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Baby Bubba

Over at SI.com, Joe Sheehan writes that the Texas Rangers are the ideal spot for one Prince Fielder:

The Rangers have a hard team to improve. They’re set at just about every position, and in many spots, for years to come. Three of their four infielders — plus DH/UT Michael Young — are under team control through at least 2013. Nelson Cruz and Cuban import Leonys Martin, 2/3 of the outfield, are locked in through then as well. The team’s projected 2012 starting rotation includes just one pitcher, Colby Lewis, who can leave before 2015. Only catcher Mike Napoli and outfielder Josh Hamilton can become free agents after 2012, and the team has shown interest in locking up both players beyond that. While the Rangers would like to add a top-tier starting pitcher, they seem to be looking to do that in trade market rather than trying to sign Edwin Jackson, who–despite my case for him–isn’t seen as front-of-the-rotation material. The Rangers also have a good farm system that is particularly deep in pitching backing up the major league roster.

At first base, though, the team has Mitch Moreland splitting time with the veteran Young. Young is primarily a DH now, and his inexperience at first was a key part of the Rangers’ Game 6 loss in the World Series. Moreland is 26 and in a bit over a season’s worth of games has hit .258/.331/.427 in the majors, basically league-average performance. He recently underwent surgery on his right wrist that may limit his performance or availability at the start of 2012. Healthy, Moreland may be an average first baseman; he will never hit in the middle of the order for this team. He’s not someone who blocks Prince Fielder, who would make the Rangers three wins a year better, at minimum, over the next few years.

Meanwhile, the wait for Yu Darvish is on.

Categories:  1: Featured  Baseball  Games We Play

Tags:  joe sheehan  prince fielder

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1 Chyll Will   ~  Dec 14, 2011 10:46 am

The Yanks are acting like they don't have the money for Darvish this year. Misdirect, or does it speak to deeper concerns about what he really will be? Maybe at best he gives you a few more consistent years than Matsuzaka, who was older when he posted. But at some point the posting system will crumble in on it's own weight when MLB accepts that there are inherent liabilities with established players from those leagues that has little to do with their personal makeup and more to do with the style of play and difference in game equipment. The enormous amount of money spent on posting and signing also becomes a liability because rather than giving that player time to adjust to the differences with some seasoning in the minors (which at their age may be a wash), the team and the payer have to justify the money being spent and in doing so perhaps wear out their longevity much faster than they would under "normal" circumstances.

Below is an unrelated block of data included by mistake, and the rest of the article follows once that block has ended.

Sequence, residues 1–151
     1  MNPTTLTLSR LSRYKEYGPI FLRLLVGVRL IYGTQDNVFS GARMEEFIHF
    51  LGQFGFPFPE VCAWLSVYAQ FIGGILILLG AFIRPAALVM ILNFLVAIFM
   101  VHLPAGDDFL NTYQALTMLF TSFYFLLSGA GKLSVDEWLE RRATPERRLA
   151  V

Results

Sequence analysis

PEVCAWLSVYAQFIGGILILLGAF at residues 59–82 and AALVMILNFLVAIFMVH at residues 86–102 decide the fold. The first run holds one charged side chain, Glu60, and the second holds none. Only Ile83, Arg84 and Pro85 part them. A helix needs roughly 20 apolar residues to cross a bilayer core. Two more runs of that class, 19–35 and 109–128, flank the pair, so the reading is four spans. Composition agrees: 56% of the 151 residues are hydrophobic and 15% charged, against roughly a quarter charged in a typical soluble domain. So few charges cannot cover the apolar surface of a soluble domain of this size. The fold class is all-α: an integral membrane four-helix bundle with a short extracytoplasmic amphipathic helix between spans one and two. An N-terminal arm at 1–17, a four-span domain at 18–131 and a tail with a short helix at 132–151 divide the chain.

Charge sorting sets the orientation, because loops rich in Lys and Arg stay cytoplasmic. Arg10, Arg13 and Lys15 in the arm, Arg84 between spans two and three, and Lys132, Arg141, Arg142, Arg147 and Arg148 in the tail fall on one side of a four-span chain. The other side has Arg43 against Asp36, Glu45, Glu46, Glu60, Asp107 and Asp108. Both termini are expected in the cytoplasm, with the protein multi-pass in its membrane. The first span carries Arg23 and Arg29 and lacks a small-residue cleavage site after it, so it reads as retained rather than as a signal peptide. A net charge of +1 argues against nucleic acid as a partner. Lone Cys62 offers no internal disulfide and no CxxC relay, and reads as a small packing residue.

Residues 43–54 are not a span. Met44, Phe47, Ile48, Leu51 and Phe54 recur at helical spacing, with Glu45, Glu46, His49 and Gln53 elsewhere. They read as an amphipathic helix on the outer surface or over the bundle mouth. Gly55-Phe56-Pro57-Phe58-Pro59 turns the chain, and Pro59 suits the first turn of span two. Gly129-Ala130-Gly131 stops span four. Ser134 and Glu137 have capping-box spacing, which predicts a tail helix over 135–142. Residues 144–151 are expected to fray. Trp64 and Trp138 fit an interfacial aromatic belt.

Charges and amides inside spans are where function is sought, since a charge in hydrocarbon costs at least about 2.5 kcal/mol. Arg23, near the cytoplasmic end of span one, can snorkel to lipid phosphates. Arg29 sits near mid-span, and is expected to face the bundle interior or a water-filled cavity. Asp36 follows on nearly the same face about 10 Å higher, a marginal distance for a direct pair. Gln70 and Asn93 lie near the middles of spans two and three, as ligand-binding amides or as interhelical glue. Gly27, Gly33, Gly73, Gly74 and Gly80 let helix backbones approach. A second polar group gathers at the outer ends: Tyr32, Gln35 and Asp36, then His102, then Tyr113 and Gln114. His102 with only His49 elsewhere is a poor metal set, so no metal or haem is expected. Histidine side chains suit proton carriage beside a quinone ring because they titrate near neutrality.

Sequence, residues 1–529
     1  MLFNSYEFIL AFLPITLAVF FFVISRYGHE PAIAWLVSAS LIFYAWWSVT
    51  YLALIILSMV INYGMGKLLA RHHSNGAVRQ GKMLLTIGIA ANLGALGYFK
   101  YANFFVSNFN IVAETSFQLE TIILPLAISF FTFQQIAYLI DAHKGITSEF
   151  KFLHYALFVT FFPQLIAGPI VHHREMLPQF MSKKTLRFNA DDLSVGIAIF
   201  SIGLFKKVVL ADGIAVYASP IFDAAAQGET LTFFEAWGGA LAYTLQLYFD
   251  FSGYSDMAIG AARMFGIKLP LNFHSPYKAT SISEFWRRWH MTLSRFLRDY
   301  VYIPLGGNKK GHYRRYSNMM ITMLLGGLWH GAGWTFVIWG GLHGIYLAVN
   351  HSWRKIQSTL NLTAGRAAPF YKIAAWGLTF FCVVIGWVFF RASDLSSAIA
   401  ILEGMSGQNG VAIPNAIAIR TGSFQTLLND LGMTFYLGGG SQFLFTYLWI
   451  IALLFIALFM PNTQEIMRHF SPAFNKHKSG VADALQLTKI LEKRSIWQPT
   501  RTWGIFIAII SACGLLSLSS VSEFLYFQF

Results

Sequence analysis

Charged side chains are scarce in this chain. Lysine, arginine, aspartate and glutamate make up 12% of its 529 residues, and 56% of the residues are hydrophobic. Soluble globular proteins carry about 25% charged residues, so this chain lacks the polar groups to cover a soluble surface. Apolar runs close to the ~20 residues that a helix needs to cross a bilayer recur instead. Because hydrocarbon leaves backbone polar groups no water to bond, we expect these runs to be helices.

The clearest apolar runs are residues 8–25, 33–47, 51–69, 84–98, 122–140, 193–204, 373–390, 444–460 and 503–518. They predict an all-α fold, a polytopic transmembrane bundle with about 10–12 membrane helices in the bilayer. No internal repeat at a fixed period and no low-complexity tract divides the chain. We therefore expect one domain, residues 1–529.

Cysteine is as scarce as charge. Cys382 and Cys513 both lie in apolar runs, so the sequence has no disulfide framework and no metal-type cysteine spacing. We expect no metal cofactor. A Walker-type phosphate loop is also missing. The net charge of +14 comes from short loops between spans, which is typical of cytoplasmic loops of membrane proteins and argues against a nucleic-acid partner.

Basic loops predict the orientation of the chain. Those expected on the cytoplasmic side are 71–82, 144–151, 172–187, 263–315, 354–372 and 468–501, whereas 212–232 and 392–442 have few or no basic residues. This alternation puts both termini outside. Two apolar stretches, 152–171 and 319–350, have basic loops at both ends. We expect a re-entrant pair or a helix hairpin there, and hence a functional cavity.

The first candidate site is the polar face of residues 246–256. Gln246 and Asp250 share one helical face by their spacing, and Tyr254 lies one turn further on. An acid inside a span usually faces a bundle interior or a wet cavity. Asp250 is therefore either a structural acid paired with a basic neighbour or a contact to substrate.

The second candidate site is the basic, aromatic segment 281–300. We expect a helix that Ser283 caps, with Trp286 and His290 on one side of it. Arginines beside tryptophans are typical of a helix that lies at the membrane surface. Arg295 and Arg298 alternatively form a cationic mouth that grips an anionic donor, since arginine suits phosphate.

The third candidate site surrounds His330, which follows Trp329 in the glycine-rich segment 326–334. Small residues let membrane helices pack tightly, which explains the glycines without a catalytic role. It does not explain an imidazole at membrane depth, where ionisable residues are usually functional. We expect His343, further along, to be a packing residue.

I get why the posting system is in place; it protects the Japan leagues from being pirated by MLB and forced out of their present existence, but the process ends up being a liability to the high end players, particularly the pitchers, who don't seem to have decent time to adjust to a new style and system of play (Matsui and Ichiro being outliers to a certain extent). It's not to say that ALL Japanese players suffer this phenomena; there are plenty of players who I've never heard of who seem to become serviceable units to various teams and I only hear about them in the trades or signings sections. Perhaps the key is the anonymity; unheralded players of all stripes generally have steadier, if low-key career arcs and the effect would be subdued with less ballyhoo on both ends.

Unfortunately, given the media insanity there and here with star players, that might be impossible to ask and will forever be a burden to high end prospects making the switch to American-style baseball. I just wonder if at some point MLB teams will understand the negative impact their activity seems to have on what they ultimately get.

2 Alex Belth   ~  Dec 14, 2011 11:00 am

I can't imagine the Yanks getting Darvish, but stranger things have happened.

3 rbj   ~  Dec 14, 2011 11:13 am

I'm a bit skeptical about Japanese starting pitchers. I'm guessing it's because they only pitch once a week, and aren't built for a ML season. Dice-K had a couple of good seasons, but wasn't worth all the hype and $100 million price tag. And Igawa? I'll leave Irabu out of the discussion, given the ending.

Their best position players are certainly comparable to other MLers.

4 Chyll Will   ~  Dec 14, 2011 11:14 am

[2] I don't think they really want him. After Igawa, and seeing what Dice K actually brought you for that amount of money, why would you go down that road again? If they do win him, I bet that what I said before has even more merit.

5 Jon DeRosa   ~  Dec 14, 2011 11:26 am

Pitchers cannot be well evaluated based on stats in Japan, because over a certain level of skill, they all start to look similar/awesome. This has to be, primarily, a scouting decision. I trust the Yankees have learned a lot from Igawa & Matsuzaka's MLB careers. And they will base their bid on Darvish on his age, his height, his weight, his work ethic, his fastball, etc... and not his 1.40 ERA in Japan.

I have no real clue about any of his abilities, but if he's really good, I don't really care about how Igawa and Matsuzaka flamed out.

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